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James Edward Murray (May 3, 1876 – March 23, 1961) was a United States Senator from Montana, and a liberal leader of the Democratic Party. He served in the United States Senate
United States Senate
from 1934 until 1961.

Contents

1 Background 2 Political career 3 Chairmanships 4 Health 5 References 6 Further reading

Background[edit] Born on a farm near St. Thomas, Ontario, Canada, Murray graduated from St. Jerome's College
St. Jerome's College
in Berlin, Ontario
Ontario
in 1897. That same year his father died and he went to live with a wealthy uncle in Butte, Montana, who owned valuable copper mines. His uncle sent him to New York to study law. He graduated from the law department of New York University in 1900, the same year he became an American citizen. He was admitted to the bar in 1901, and commenced practice in Butte, where he also engaged in banking and the management of his uncle's properties. He practiced law in Butte and in 1906 was elected to one term as Silver Bonty attorney. Murray feuded with local officials and judges, and returned to private practice. Active in the Democratic Party, Murray worked closely with labor unions to build his political base. In 1921, he and his mother inherited over $10 million from his late uncle. He dabbled in Irish politics, and reentered Montana
Montana
politics when the Great Depression soured the Montana
Montana
economy in the 1930s.[1][2] Until 1987 his family owned The Murray Hotel
The Murray Hotel
in Livingston, Montana's downtown historic district.[3] Political career[edit] Murray was county attorney of Silver Bow County, Montana
Montana
from 1906 to 1908, and became chairman of the State advisory board of the Public Works Administration from 1933 to 1934. When Senator Thomas Walsh died in 1933, Democratic Governor John E. Erickson resigned and had himself appointed to the seat, despite his weak political base. Murray defeated Erickson in the 1934 primary, and was elected senator on the platform of "one hundred per-cent support" of President Franklin D. Roosevelt. Murray was a staunch liberal and aggressive supporter of the New Deal Coalition. He broke with Montana's senior senator, Burton K. Wheeler, when Murray backed Roosevelt's attempt to pack the Supreme Court in 1937; unlike Wheeler, Murray gave up his isolationism in foreign affairs, and backed Roosevelt's aggressive foreign policy against Germany and Japan in 1939-1941. In April 1943 a confidential analysis by British scholar Isaiah Berlin of the Senate Foreign Relations Committee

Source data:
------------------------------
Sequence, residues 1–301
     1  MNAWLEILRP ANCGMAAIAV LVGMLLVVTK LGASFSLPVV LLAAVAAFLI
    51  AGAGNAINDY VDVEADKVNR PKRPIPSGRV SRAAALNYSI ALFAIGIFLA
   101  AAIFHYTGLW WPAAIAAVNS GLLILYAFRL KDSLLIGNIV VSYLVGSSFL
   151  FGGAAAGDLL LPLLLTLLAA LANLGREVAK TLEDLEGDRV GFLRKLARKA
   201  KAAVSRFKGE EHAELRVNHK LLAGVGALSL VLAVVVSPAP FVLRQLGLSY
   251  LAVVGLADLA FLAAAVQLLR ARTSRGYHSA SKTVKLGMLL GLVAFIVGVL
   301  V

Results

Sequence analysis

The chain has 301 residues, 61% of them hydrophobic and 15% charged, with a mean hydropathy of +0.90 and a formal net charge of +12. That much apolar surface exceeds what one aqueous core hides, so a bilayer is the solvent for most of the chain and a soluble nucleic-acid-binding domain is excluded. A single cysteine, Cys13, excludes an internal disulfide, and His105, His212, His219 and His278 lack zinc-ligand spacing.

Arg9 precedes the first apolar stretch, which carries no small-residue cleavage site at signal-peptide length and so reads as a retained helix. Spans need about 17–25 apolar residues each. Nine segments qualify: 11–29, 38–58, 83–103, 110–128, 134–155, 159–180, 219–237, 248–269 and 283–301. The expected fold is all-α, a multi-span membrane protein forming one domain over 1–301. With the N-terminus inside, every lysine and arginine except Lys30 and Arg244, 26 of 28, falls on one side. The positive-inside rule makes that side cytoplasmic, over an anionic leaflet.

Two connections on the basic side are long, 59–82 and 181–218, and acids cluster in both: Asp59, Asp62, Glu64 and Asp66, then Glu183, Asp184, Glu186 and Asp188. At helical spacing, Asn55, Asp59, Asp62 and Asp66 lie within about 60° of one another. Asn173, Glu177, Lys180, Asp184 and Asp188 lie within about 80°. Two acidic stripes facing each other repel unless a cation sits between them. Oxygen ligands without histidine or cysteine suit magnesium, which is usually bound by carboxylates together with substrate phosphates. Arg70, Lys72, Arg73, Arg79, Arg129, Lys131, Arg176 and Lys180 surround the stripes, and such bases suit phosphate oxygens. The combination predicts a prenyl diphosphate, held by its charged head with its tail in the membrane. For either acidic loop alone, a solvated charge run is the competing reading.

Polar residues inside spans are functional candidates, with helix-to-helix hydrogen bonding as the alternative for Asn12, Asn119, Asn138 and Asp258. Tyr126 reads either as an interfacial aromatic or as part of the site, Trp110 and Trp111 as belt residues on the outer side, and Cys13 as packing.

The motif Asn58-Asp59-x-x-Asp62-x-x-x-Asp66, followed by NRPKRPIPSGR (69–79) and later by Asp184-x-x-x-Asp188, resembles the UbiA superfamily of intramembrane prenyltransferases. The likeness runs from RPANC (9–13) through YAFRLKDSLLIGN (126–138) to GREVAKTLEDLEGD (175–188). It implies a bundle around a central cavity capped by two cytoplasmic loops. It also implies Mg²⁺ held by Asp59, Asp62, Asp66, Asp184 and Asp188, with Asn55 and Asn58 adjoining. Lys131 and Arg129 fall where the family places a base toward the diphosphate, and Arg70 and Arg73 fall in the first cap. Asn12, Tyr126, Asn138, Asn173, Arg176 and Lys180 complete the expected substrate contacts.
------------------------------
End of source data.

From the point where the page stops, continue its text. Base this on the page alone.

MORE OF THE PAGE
Senate Foreign Relations Committee
for the British Foreign Office succinctly characterized Murray as:

a millionaire lawyer who tries to out-do [Burton K. ] Wheeler as a champion of small business and labour against big business monopoly (e.g., the Anaconda Company
Anaconda Company
which dominates his copper-producing State). An advocate of the second front and of stronger ties with Britain. A free trader except on copper issues. A Roman Catholic.[4]

In February 1944 Murray joined with Democratic Senator George of Georgia to introduce an industrial demobilization bill to congress. The bill supported plans for terminating war contracts and the disposal of surplus Government property. The bill was passed on May 4.[5] After the war, conservatives controlled Congress, so Murray had little success with his proposals to expand Social Security, provide free medical care for the aged, expand federal aid to education, or create a Missouri Valley Authority with the federal control over Montana's water resources patterned after the Tennessee Valley Authority. Instead, Congress adopted the Pick-Sloan Plan with flood control by the Army Corps of Engineers, the Bureau of Reclamation, and private development. As Chairman of the Interior and Insular Affairs Committee in the 1950s, Murray was more successful in promoting federal development of hydroelectric power through large dams throughout the West. He used his chairmanship of the Senate's Interior Committee to secure Western water projects that led to congressional approval and funding for large dams in Montana
Montana